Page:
FDA OKs Phase 1 Trial of Antibody, IO-202, to Treat Advanced AML and CMML

FDA OKs Phase 1 Trial of Antibody, IO-202, to Treat Advanced AML and CMML
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The U.S. Food and Drug Administration (FDA) has agreed to Immune-Onc Therapeutics launching a Phase 1 clinical trial of IO-202, its lead antibody treatment candidate, in patients with advanced acute myeloid leukemia (AML) and chronic myelomonocytic leukemia (CMML).

The announcement came after the agency cleared the company’s investigational new drug (IND) application asking that IO-202 be authorized to enter clinical testing.

“The FDA clearance to proceed with the first-in-human trial of IO-202 in AML and CMML is an important milestone for our company,” Charlene Liao, PhD, CEO of Immune-Onc, said in a press release.

“Acute myeloid leukemia is a devastating disease that needs new approaches and better treatment options. We look forward to working with investigators as we advance the first anti-LILRB4 antibody into the clinic,” Liao added.

IO-202 is an antibody that specifically recognizes and blocks the activity of LILRB4, a protein receptor found on the surface of immune T-cells that normally inhibits their activity. By blocking LILRB4, IO-202 is expected to promote the activation of T-cells, enhancing their ability to target and destroy malignant cells.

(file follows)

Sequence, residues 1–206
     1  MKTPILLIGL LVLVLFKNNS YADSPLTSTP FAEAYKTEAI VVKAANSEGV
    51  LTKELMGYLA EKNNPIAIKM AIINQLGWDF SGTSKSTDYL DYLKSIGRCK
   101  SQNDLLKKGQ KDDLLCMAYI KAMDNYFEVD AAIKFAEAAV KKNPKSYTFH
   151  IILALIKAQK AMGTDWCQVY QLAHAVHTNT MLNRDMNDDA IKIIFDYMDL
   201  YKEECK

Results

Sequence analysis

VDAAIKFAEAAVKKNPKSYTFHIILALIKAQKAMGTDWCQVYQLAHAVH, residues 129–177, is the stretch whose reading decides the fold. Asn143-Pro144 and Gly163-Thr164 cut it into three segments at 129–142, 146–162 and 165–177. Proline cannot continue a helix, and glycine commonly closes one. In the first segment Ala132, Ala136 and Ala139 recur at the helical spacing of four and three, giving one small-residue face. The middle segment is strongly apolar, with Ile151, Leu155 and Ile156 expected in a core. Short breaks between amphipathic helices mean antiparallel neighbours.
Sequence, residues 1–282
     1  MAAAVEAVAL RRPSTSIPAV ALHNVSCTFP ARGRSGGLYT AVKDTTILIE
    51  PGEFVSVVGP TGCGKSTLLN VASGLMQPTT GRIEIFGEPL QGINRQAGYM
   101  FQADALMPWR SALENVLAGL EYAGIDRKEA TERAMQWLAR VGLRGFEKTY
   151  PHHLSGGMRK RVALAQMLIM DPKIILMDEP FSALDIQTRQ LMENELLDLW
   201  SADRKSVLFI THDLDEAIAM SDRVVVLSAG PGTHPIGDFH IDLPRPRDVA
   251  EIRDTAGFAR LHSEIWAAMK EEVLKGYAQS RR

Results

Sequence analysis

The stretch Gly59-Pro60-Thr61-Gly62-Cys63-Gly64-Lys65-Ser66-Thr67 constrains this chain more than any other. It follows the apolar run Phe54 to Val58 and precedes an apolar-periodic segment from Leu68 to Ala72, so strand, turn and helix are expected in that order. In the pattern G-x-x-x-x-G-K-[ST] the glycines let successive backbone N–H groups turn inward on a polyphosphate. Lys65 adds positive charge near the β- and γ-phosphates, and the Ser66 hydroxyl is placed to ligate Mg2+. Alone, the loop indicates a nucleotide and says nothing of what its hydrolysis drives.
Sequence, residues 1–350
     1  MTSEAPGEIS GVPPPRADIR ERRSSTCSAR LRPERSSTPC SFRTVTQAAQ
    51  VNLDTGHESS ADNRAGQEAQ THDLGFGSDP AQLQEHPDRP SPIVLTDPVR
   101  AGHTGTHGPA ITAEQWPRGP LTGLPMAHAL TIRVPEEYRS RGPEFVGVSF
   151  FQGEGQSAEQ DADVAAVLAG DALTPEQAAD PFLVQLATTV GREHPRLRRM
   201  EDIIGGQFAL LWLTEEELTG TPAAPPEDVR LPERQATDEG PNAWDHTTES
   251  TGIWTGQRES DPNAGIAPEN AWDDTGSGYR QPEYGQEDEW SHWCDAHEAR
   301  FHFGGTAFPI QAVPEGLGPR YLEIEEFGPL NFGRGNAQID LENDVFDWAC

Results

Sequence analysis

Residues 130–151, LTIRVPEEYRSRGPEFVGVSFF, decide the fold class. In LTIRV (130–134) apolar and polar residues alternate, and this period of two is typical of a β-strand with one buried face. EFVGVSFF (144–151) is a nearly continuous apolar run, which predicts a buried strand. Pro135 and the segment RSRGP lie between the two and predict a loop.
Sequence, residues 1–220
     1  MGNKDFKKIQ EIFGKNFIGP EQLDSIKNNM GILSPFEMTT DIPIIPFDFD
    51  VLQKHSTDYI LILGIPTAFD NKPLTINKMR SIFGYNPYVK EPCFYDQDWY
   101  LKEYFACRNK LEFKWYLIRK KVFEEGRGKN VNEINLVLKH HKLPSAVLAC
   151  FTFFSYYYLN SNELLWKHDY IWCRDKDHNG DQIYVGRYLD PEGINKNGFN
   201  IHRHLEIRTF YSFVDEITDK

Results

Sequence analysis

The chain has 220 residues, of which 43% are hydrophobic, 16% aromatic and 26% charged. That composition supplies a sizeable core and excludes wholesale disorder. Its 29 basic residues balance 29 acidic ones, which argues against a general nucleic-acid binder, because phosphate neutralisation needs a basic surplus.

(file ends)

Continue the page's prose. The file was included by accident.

Preclinical studies in animal models of disease have shown that IO-202 was able to activate and instruct T-cells to eliminate leukemia cancer cells, effectively preventing tumor infiltration.

The Phase 1 clinical trial (NCT04372433), which is not yet recruiting, will assess the safety, tolerability, clinical activity, and pharmacological properties of IO-202 in people with relapsed or refractory AML and CMML. It is expected to open in July, and finish collecting top-line data in December 2023.

The trial will be divided into two phases. The first is an initial dose-escalation phase, in which participants will receive increasing doses of the medication until the optimal dose is found. The second is an expansion phase, in which patients will be treated with the determined optimal dose of IO-202 for a longer period of time.

The study’s protocol may still be amended to allow IO-202 to be given alongside other medications, such as with Vidaza (azacitidine), rather than alone.

In addition to safety and pharmacological assessments, investigators will also evaluate changes in the levels of several biomarkers they hope will  support IO-202’s mechanism of action, and be informative for future clinical trials.

Immune-Onc Therapeutics is also planning to explore IO-202’s potential to treat other types of blood and solid cancers.

Joana holds a BSc in Biology, a MSc in Evolutionary and Developmental Biology and a PhD in Biomedical Sciences from Universidade de Lisboa, Portugal. Her work has been focused on the impact of non-canonical Wnt signaling in the collective behavior of endothelial cells — cells that made up the lining of blood vessels — found in the umbilical cord of newborns.
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Joana holds a BSc in Biology, a MSc in Evolutionary and Developmental Biology and a PhD in Biomedical Sciences from Universidade de Lisboa, Portugal. Her work has been focused on the impact of non-canonical Wnt signaling in the collective behavior of endothelial cells — cells that made up the lining of blood vessels — found in the umbilical cord of newborns.
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